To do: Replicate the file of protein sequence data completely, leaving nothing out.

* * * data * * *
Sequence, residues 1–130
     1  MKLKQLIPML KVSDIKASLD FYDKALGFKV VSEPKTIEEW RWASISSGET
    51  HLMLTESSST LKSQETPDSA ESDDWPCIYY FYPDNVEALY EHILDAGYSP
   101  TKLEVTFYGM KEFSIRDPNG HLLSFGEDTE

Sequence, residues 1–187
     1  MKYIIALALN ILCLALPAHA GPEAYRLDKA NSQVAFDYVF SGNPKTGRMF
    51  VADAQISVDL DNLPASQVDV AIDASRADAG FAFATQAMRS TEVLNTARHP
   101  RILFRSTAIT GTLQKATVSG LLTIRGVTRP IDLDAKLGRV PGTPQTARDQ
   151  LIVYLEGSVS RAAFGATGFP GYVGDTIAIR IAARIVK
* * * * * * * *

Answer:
Sequence, residues 1–130
     1  MKLKQLIPML KVSDIKASLD FYDKALGFKV VSEPKTIEEW RWASISSGET
    51  HLMLTESSST LKSQETPDSA ESDDWPCIYY FYPDNVEALY EHILDAGYSP
   101  TKLEVTFYGM KEFSIRDPNG HLLSFGEDTE

Sequence, residues 1–187
     1  MKYIIALALN ILCLALPAHA GPEAYRLDKA NSQVAFDYVF SGNPKTGRMF
    51  VADAQISVDL DNLPASQVDV AIDASRADAG FAFATQAMRS TEVLNTARHP
   101  RILFRSTAIT GTLQKATVSG LLTIRGVTRP IDLDAKLGRV PGTPQTARDQ
   151  LIVYLEGSVS RAAFGATGFP GYVGDTIAIR IAARIVK